The Abbott government's plan to make scrapping the Climate Commission and the Climate Change Authority among its first priorities will deprive Australians of independent information on global warming just when it is needed most, leading scientists say.
Staff at the Climate Commission, a federal body set up to publicise climate-change science, have all but ceased work as they await instructions from new Environment Minister Greg Hunt.
The Climate Change Authority, a statutory body that will need a change in legislation before it can be axed, is continuing work on a draft report due out next month. That report will recommend the level of cuts to greenhouse gas emissions Australia should set and also details international efforts to combat climate change.
''It's really important that the Australian public have access to authoritative, independent, accurate information on climate change, and that's exactly what the Climate Commission did,'' said Will Steffen, a professor at the ANU and a Climate Commissioner.
''Unfortunately, the science has been sucked into this vortex of a highly politicised approach to climate change. We've got a rapidly destabilising climate. It does pose risks for us.''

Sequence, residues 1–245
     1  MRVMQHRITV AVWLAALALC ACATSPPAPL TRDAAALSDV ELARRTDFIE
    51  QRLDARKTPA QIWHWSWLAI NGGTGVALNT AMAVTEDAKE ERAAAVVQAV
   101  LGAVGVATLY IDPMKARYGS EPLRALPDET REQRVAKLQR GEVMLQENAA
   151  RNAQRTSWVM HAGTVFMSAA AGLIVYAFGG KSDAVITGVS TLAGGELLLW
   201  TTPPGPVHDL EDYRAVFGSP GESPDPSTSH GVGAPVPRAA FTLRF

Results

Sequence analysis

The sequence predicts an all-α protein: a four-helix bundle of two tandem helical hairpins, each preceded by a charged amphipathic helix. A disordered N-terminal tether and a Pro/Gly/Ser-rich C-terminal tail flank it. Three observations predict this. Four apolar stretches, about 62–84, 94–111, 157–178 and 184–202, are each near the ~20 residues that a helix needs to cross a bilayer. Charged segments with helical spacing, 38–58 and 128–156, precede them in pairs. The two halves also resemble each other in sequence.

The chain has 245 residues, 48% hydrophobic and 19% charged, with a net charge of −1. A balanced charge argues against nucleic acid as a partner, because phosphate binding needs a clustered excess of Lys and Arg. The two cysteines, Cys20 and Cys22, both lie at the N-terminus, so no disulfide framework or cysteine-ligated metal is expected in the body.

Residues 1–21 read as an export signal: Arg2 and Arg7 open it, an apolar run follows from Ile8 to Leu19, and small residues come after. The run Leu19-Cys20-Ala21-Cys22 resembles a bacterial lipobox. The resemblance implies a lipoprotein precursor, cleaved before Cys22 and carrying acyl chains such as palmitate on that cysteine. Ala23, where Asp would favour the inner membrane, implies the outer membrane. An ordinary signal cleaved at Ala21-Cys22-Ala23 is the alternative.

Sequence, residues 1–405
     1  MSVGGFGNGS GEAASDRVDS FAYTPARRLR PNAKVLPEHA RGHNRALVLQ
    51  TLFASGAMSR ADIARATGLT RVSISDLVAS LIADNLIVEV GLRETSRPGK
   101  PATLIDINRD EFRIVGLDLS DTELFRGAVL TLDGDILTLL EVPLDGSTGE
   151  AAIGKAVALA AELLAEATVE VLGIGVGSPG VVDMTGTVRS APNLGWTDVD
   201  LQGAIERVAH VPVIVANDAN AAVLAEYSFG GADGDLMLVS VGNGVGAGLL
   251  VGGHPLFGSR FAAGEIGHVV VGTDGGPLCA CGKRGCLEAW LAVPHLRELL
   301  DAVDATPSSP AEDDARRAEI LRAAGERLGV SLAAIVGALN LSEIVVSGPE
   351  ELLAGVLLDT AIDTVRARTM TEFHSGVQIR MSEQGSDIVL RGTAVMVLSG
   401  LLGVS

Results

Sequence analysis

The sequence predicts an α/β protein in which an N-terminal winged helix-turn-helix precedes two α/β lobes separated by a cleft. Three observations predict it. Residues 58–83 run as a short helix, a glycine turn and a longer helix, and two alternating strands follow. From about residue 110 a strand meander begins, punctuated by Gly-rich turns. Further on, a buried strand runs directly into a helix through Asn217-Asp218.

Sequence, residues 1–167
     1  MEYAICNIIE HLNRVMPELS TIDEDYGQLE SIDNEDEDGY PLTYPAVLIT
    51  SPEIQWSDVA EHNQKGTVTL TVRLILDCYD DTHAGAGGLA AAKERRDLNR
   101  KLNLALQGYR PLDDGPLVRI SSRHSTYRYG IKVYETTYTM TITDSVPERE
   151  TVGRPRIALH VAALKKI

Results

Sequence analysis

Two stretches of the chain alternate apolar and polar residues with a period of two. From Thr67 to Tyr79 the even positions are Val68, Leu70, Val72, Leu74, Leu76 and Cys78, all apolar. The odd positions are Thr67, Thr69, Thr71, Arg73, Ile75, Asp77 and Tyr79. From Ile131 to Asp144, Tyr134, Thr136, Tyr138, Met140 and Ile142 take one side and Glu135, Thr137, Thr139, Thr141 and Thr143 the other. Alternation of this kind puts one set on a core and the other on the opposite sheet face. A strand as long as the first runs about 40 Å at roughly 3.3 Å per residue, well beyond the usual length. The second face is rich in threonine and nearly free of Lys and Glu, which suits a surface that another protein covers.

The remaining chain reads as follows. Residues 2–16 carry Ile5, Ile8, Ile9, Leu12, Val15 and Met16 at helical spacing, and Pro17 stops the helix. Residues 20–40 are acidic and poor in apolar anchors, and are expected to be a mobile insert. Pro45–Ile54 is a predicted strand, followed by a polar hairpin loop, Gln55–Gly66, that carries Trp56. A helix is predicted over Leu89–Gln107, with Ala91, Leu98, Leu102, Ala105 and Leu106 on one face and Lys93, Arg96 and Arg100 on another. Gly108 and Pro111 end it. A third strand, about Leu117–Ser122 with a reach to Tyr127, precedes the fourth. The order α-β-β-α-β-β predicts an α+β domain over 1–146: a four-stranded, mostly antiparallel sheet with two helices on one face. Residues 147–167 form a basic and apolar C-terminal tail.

The new government is also drawing up legislation to scrap the carbon price and has ordered the $10 billion Clean Energy Finance Corporation to cease lending.
The Coalition has offered in their place its Direct Action plan to pay polluters to cut emissions, saying the scheme will be cheaper and still meet the bipartisan goal of reducing greenhouse gases by 5 per cent of 2000 levels by 2020.
The moves, though, come shortly before the United Nations is due to release the fifth assessment of the Intergovernmental Panel on Climate Change.
Tim Flannery, head of the Climate Commission, said it had held dozens of public meetings around the country and no other body existed to serve that role.
''Given the highly contested and political nature of this stuff, you need a body that's trustworthy,'' Dr Flannery said.
Professor David Karoly, a member of the Climate Change Authority who also serves on the science advisory panel of the Climate Commission, said the new government's actions were well flagged. He said the question, though, was ''what will the future think of the people who voted for this action?''
Professor Karoly also noted comments by Maurice Neuman, expected to chair the Abbott government's Business Advisory Council, attacking the CSIRO and the Bureau of Meteorology for propagating the ''myth of anthropological climate change''. ''He's obviously an important adviser to the government and he's misinformed about climate change,'' he said.
Mr Hunt declined to respond to questions from Fairfax Media.
The story Scientists say climate cuts leave public in the dark first appeared on The Sydney Morning Herald.